Many religious believers try to frame debates in a way that makes it seem like they represent an overwhelming religious consensus – one that is being challenged by a minority of nonbelievers. At best, this would be no more than an Argument From Popular Belief, but you should challenge this very assertion by pointing out that different religions makes wildly different and mutually exclusive claims, which means they cannot be lumped together into one cohesive category. At this point, some religious counterparts will make the claim that what’s true for one religion is not necessarily true for another – that religions might be very different, but that they’re all equally true in their different ways.
There is a big logical problem with this, though:
Different ideas can, and often are, believed to be true by different people, but all this shows is that different people have different subjective feelings about things. The logical mistake here doesn’t come from the fact that people vary in their subjective beliefs, it’s that these conflicting subjective beliefs can somehow be objectively true.
A clear example of this is the Christian claim that Jesus was the son of god/god himself, who died on the cross to atone for mankind’s sins, the Muslim claim that that Jesus was no more than a human prophet who did NOT even die on the cross, and the Jewish claim that Jesus was just a heretical Jew. These are three very different and mutually exclusive ideas that cannot all be true. You can indeed claim that three people can each subjectively believe different ideas, but you cannot claim that all three ideas are objectively true. And to claim that they can be objectively true depending on who you ask is no more than a Relativist fallacy. The flat earth and the round earth ideas could not be both objectively true, and the geocentric theory and the heliocentric theory could also not both be true. Different things can be subjectively believed, but objective truth is a singular thing that does not depend on people’s beliefs. The logical thing to do, therefore, is to base your beliefs on objective reality, not the other way around.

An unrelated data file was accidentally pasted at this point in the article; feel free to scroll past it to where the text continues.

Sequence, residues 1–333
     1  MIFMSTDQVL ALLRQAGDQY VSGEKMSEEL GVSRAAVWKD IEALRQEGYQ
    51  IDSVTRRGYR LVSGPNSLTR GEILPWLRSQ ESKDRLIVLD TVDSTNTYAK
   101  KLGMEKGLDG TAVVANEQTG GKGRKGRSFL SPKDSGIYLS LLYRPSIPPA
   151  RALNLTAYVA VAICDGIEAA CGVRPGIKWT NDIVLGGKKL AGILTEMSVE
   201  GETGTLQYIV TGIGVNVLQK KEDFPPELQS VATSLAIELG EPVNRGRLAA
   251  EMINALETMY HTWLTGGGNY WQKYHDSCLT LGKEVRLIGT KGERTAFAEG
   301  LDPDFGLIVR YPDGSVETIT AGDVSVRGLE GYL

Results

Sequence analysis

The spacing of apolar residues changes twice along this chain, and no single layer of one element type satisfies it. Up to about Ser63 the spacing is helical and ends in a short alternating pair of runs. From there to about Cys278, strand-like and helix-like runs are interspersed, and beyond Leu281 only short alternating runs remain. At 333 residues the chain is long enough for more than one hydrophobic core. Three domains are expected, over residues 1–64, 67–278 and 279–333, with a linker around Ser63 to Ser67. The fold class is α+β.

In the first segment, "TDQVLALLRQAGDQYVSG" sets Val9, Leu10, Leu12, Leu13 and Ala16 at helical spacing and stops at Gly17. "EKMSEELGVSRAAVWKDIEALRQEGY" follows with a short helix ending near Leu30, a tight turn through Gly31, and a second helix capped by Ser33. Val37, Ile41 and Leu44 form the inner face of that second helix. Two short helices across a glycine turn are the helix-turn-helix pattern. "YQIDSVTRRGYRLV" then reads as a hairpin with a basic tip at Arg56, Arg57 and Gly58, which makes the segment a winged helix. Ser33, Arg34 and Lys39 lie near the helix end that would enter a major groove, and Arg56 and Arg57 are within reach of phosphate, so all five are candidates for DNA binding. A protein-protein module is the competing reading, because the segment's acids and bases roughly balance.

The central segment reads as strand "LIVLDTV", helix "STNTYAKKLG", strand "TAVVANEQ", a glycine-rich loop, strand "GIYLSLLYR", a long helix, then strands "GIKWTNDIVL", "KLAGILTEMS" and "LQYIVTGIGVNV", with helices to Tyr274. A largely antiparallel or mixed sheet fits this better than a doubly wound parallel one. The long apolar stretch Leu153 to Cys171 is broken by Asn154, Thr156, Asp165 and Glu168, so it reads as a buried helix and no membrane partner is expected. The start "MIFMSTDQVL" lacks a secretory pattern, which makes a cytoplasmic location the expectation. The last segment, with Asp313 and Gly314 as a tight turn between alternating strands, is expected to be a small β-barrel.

With this in mind, it actually turns out that there is no such thing as a religious majority or consensus. Every religion represents a minority opinion that disagrees with other minority opinions.